Never been away. Been away forever.


The long road home from the sea.

It starts in the early morning on the quayside at a small port on a small island. Travellers seated on their bags waiting to embark, waiting to cross the few miles of rough seas that separate us from the mainland or « Le Continent » as the French call it. We are in France though, and I haven’t forgotten, it’s just that coming from an Island myself (yes Britain is an Island) you always have to cross seas to go anywhere and very often the crossing of seas implies the crossing of borders. So, here I am on this Island with my insular mindset whereby anything across the water is another country.

Time to embark. Dragging heavy bags to the ferry. I feel awkward in my jeans and sweater – long trousers and long sleeves after long hot days of shorts and T-shirts. « Wrapped »in layers of clothing to keep out the cold morning air and my feet encased in real shoes. I am plodding, moon walking with gravity.

I have my passport at the ready. Old reflexes die hard. «Put that way, we’re in France » my wife reminds me, with an indulgent smile.  But I am crossing the sea to another country. I am almost disappointed that there are no officials on hand to inspect – no police, no customs officials I almost miss the tinge I get down my spine when I pass though customs wondering if I’ll get stopped or not. This just doesn’t feel like real travelling.

The boat leaves the port on time and plies out at full speed into the choppy waters of the Atlantic.  Not a true Atlantic crossing though, just a few miles back to France. However the seas are rough enough and the crossing is long enough to make half the passengers seasick. The flimsy paper puke bags disappear fast, as travellers throw up their breakfast and outside the toilet there is a long line of queasy voyagers waiting to give their all.  Each time the toilet door opens a stomach wrenching odour escapes into the passenger area. As the crossing gets rougher, the family behind me are having a whispered conversation about life jackets and muster stations.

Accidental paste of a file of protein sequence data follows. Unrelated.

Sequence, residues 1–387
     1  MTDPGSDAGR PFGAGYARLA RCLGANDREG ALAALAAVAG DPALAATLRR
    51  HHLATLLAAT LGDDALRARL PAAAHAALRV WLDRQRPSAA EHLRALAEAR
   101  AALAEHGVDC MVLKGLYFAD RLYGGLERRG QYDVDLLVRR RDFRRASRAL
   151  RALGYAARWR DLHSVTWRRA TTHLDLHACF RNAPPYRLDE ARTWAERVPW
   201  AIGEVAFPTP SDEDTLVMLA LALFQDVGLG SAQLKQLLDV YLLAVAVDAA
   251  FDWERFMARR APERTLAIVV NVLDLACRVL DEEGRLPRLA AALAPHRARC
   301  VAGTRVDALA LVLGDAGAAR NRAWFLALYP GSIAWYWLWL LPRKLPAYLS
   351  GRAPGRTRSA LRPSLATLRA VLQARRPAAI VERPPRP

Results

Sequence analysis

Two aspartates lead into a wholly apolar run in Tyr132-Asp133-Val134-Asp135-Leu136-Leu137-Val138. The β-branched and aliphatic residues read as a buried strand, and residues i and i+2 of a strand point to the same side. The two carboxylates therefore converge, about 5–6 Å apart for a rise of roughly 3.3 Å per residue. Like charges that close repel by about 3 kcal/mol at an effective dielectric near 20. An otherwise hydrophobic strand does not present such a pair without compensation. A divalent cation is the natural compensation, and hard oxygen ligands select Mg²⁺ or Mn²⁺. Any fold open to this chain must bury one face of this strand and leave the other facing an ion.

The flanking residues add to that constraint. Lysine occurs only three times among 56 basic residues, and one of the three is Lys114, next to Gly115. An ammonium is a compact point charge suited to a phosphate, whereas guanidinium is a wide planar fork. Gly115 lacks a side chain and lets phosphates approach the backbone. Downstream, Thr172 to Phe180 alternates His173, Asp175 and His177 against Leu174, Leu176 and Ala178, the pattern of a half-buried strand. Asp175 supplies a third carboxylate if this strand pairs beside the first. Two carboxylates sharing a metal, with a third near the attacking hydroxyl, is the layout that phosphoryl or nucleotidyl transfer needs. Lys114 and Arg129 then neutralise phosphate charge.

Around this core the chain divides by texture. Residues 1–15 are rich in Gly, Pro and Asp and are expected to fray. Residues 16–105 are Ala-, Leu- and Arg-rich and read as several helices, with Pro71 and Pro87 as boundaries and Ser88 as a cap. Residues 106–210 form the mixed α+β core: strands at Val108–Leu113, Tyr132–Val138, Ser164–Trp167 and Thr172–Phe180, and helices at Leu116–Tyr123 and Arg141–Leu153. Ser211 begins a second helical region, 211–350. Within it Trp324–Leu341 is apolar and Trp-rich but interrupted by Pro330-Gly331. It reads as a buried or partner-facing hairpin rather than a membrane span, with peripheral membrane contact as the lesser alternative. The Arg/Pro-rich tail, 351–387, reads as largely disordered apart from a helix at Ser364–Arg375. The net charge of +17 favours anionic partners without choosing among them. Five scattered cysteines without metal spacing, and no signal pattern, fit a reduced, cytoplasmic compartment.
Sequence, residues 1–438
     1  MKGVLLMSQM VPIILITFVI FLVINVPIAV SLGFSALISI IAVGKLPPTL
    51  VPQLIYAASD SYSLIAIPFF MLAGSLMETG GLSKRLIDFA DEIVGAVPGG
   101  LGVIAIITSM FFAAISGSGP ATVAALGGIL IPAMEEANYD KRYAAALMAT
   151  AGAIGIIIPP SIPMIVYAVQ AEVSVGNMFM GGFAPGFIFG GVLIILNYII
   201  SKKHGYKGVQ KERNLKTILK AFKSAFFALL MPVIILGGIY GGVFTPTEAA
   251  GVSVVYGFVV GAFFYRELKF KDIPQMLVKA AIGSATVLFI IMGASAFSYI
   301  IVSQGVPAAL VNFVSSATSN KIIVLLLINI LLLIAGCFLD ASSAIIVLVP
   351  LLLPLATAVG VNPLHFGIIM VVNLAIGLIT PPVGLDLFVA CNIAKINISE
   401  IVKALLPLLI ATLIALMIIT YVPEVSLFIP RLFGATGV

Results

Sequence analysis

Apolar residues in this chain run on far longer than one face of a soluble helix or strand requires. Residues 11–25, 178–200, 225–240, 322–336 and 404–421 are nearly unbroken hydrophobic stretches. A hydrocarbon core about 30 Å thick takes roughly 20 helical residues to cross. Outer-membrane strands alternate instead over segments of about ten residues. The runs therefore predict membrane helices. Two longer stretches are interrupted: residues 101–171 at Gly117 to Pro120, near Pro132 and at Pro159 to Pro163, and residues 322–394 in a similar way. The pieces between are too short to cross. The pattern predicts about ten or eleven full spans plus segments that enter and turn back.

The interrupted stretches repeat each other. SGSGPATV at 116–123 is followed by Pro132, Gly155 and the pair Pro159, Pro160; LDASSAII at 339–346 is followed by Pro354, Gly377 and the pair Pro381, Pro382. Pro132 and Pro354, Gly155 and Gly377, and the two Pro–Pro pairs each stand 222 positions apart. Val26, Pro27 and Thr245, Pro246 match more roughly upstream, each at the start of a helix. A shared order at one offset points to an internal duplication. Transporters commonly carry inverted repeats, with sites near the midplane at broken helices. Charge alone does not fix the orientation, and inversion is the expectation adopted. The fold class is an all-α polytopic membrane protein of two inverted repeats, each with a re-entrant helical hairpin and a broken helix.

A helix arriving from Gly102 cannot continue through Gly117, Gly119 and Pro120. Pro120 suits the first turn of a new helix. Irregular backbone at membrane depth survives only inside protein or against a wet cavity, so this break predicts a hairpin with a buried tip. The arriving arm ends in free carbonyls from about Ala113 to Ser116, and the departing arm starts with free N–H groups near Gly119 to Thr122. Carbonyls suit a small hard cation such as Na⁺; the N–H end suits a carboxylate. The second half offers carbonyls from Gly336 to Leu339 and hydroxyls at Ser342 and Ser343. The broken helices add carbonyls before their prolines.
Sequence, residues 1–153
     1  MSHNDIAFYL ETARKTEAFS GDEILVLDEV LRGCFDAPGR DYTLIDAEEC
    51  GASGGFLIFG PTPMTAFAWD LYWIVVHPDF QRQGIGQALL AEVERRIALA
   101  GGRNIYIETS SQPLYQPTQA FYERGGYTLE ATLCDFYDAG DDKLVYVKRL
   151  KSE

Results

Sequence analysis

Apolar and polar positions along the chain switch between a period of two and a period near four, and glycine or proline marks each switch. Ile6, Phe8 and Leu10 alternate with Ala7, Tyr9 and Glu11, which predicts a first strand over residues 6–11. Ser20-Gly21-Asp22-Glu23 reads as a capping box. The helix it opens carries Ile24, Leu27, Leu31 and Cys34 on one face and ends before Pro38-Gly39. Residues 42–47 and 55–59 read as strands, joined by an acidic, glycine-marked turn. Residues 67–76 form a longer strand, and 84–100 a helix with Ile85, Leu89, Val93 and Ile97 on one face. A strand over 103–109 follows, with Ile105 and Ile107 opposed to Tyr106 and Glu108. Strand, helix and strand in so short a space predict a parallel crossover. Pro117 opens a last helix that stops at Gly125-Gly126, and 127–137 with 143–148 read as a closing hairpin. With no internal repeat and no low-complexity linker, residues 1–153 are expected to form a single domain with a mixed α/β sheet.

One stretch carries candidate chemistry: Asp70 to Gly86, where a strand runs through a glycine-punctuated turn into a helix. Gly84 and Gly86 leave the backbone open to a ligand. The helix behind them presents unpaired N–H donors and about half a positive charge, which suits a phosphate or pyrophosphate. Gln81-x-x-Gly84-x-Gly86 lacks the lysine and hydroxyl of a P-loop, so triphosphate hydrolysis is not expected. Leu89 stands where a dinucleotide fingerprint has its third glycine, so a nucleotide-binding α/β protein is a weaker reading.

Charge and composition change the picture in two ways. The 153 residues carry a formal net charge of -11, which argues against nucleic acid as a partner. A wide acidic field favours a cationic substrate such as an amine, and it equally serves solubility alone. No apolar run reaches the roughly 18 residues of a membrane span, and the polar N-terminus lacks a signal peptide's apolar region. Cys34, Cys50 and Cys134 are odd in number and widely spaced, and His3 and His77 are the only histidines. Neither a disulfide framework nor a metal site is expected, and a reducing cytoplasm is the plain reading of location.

« No safety warnings … where are the life jackets … we’d better change places if we’re going to capsize. »

The French are a great maritime nation, France is surrounded on three sides by sea, but the passengers on this boat are certainly not sailors.

At the end of our Atlantic crossing, it would have been nice to see lady liberty, instead though we chug into the port of Fromentine – a second-rate, down-at-heal seaside resort, the kind of place where generations of families have been coming for generations, always to the same holiday house or campsite – a tradition, a reflex or pure « no-questions-asked » simplicity – it’s the nearest stretch of sand, and an easy, straight-line drive from home to their home from home.

This stretch of the French Atlantic sea board is full of small resorts such as Fromentine –  St Giles Croix de Vie, Les Sables D’Olonne, St Jeans de Monts, St Hilaire de Riez … their names are redolent of traditional and simple family holidays that have hardly changed since the late fifties.  Families sitting on the beach, eating sandwiches from Tupperware boxes, mums nattering, grannies knitting, dad snoozing, kids running, shouting, screaming, their beach noise blown back into their sandy faces by the Atlantic wind. Building sandcastles, flying kites, playing pétanque, volleyball – a family day at the beach as it has been for generations.

Back on the road. Back behind the wheel after a week in the saddle, and nothing more than pure pedal-power to get around my holiday island. It’ feels strange being motorised again.

John King

It’s almost the last Saturday of the holiday season. The road home is thick with traffic – jams, tailbacks, gridlock, bumper-to-bumper. Families in cars loaded up to the gunnels with all their holiday rubbish. In most cases it was a mad last minute rush to get everything in the car. Bags and boxes piled high from floor to ceiling, blocking out all vision through the rear window. In between the bags – beach balls, buckets, spades, deflated inflatables, food, bottles, shoes, parasols – all shoved in anarchy in every available space.